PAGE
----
A sampling from around the web. Rashid Rahman:
Salmaan Taseer grew up in straitened family circumstances due to the untimely demise of his father, famous intellectual Dr. M. D. Taseer. His mother, Chris, struggled in penury to bring up her three children, Salmaan and his two sisters. From such humble beginnings, Salmaan went on to qualify as a chartered accountant from England, set up his own accountancy firm on returning to Pakistan, and ventured into the (then) booming Gulf States to build a business base that later catapulted him into the ranks of the captains of industry and commerce in Pakistan.
His association with the PPP was both emotional and consistent. He was the author of a book on Zulfikar Ali Bhutto, whom he greatly admired, a prolific reader and writer, and a man who never shrank from expressing his firmly held opinions without fear. This boldness often landed him in trouble. Arrested during the MRD movement of 1983 by the Ziaul Haq military regime, he was subjected to horrendous torture in the notorious Lahore Fort. Undeterred, he rose to Leader of the Opposition in the Punjab Assembly in 1988, a stint that sealed his enmity with then Chief Minister Punjab Nawaz Sharif and the PML-N. For his outspoken criticism of the Sharif government from the floor of the Assembly and outside, Salmaan was beaten black and blue by the Punjab government’s goons, suffering fractures in the process.
Taseer’s assassination; even though assassination is too mild a word to describe it, the correct term should be cold-blooded murder at the hands of a Pakistani who has grown up and is continuously spoon-fed state and the right-wing religious lobby’s propaganda about Islam, blasphemy and secularism, is not the beginning of the end. This is the end. There is no going back from here, there is no miracle cure, there is no magic wand that will one day make everything better. Saying “enough is enough” does not cut it anymore, I think we can all agree that enough was enough ages ago, when the first murder under the garb of protecting Islam took place. With each bullet that deranged gunman pumped into Taseer’s body, with each person celebrating Taseer’s murder, with each person who has approved or justified his death on national TV, with each politician who promised that they would not change the law or allow it to be changed, the rape of humanity has been carried out, repeatedly.
You spoke publicly, boldly, audaciously and unequivocally against the persecution of a helpless Christian woman. In a province where the Law Minister mollycoddled with a banned terrorist organization, you spoke publicly against terrorism. In a country where politicians cannot dare (even more so now) to express their liberal views and disguise their identity in the shroud of religious righteousness, you openly accepted your identity as a liberal when a hypocrite, disgusting Mehr Bokhari played to the gallery. Perhaps we might never have another prominent vocally liberal politician for years now – the cost it seems is the highest a human can pay. In the crowd of pygmies, a tall standing Salmaan Taseer would forever be conspicuous as the man whom the maulvis declared an apostate – but who continued to fight for what he felt was the right thing to do.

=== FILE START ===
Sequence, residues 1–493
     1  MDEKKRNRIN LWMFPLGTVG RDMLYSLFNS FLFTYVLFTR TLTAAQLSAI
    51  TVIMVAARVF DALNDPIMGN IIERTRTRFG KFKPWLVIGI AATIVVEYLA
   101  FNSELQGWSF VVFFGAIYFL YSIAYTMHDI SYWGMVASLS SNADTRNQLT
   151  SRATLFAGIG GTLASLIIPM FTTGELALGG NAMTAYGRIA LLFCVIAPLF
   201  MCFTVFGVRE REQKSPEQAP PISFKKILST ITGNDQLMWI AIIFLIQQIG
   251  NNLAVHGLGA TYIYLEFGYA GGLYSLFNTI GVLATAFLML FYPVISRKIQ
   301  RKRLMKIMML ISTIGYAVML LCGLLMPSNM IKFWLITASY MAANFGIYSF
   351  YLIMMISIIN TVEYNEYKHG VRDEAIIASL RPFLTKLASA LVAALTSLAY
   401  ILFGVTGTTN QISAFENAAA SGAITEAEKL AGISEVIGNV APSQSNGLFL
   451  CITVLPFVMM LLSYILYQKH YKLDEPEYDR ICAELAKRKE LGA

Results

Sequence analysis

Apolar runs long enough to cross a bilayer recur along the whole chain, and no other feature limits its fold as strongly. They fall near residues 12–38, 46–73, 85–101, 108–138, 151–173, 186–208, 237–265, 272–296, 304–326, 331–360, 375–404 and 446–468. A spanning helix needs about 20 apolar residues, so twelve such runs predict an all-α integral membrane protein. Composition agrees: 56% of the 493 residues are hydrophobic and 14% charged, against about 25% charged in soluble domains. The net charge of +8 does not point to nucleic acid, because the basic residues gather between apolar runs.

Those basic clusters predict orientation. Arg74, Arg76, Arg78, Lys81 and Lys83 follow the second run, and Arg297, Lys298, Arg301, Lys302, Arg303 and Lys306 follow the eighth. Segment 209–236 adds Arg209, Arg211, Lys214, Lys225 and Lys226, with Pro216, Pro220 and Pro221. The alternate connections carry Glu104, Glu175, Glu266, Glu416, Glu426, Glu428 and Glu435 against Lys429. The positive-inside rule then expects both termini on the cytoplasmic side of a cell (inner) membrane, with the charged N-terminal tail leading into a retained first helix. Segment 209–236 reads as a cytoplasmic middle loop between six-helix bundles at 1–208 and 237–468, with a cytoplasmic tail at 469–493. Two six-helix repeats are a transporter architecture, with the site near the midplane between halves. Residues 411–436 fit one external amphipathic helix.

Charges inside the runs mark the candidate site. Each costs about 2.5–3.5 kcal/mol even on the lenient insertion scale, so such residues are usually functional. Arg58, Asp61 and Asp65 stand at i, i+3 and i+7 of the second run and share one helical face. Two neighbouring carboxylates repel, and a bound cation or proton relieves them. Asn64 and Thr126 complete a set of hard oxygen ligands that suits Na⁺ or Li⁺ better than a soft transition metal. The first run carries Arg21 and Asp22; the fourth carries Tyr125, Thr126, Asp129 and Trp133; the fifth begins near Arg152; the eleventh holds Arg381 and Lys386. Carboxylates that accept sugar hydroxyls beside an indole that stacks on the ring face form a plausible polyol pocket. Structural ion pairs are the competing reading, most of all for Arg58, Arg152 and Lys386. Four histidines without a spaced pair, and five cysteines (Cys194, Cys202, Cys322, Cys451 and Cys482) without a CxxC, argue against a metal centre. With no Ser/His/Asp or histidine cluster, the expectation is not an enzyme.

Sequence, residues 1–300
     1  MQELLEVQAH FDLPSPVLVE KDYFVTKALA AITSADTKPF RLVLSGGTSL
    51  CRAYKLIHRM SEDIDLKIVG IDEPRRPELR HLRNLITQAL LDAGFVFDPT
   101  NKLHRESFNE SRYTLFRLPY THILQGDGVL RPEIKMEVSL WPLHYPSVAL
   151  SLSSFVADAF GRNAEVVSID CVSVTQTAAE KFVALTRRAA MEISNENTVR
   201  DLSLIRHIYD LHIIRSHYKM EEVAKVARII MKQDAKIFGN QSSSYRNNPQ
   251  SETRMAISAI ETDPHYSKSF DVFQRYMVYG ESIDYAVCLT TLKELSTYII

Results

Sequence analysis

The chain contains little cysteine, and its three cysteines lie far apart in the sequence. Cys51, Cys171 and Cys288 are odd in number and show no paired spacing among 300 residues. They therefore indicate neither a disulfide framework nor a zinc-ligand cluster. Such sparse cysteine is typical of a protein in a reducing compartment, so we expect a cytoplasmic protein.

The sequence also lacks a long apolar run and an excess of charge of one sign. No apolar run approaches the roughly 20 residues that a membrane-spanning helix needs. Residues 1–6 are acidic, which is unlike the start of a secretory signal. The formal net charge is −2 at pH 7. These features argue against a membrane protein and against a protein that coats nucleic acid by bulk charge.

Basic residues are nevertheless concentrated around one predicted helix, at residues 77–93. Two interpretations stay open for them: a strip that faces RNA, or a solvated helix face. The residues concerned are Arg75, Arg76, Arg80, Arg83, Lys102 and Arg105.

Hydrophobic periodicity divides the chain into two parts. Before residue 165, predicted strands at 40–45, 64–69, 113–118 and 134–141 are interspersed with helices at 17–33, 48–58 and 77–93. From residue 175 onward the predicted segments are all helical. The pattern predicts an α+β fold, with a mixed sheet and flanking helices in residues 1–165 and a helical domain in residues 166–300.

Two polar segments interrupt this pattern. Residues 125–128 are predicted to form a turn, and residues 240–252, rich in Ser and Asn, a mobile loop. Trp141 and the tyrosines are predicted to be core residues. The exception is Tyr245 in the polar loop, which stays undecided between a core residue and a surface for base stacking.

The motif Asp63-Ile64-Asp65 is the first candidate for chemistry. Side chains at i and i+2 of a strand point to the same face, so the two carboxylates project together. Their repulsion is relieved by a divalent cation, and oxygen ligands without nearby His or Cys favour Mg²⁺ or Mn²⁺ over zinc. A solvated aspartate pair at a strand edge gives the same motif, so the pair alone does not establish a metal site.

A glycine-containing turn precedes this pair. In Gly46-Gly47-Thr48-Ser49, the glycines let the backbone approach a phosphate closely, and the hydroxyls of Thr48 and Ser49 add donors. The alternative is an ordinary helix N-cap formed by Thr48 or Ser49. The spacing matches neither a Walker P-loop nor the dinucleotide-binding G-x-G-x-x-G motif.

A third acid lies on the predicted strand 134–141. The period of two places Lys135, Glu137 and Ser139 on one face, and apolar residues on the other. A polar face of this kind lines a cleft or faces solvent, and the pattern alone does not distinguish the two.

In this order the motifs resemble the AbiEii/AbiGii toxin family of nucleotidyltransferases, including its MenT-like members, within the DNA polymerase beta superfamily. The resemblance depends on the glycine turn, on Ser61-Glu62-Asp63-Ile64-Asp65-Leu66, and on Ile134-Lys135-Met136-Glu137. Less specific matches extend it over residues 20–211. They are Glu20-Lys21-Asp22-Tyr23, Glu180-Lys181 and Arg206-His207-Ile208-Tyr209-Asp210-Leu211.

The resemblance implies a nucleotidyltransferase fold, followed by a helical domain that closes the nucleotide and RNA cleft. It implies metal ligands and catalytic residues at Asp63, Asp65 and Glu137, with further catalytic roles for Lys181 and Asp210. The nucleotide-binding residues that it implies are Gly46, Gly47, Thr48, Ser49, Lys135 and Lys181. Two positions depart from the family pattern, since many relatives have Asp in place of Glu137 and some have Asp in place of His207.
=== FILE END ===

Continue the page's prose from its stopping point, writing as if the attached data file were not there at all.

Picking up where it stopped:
Whatever ramifications it has for the blasphemy law, Taseer’s death should bring home a much more urgent set of realizations. The disturbing reality is that the continued existence of the blasphemy laws, his assassination and the varying shades of reactions to his murder all point to a set of very deeply embedded structural problems within the Pakistani state and Pakistani society.
Long-time advocates of an optimistic outlook for Pakistan like myself have based a positive long-term prognosis on the country’s size and the concomitant economic potential it has. However, the ability of Pakistan to align itself with any kind of transformative economic activity is contingent on a baseline of minimum human and social capital, a minimal ability within the state to absorb and leverage that capital, and a minimum baseline of rational rigor within political discourse.
Those three qualities are in desperately short supply in the Pakistan of 2011.
Pakistani political parties must view the fact that Taseer was murdered by his own personal guard at such close range with caution and consider how long they can keep acquiescing to the demands of religiopolitical parties that, on the one hand, are part of the democratic process, but on the other, continue to defend contentious religious laws whose potential misuse continues to threaten the lives of Pakistanis — from the fieldworker Asia Bibi to the governor of Punjab Salman Taseer.
for starters, one of the reportedly eight fan pages of taseer’s killers had over a 100 fans. when i clicked through their profiles, they were also fans of stuff like Enrique Iglesias, Family Guy, 300, Coke Studio, the Godfather.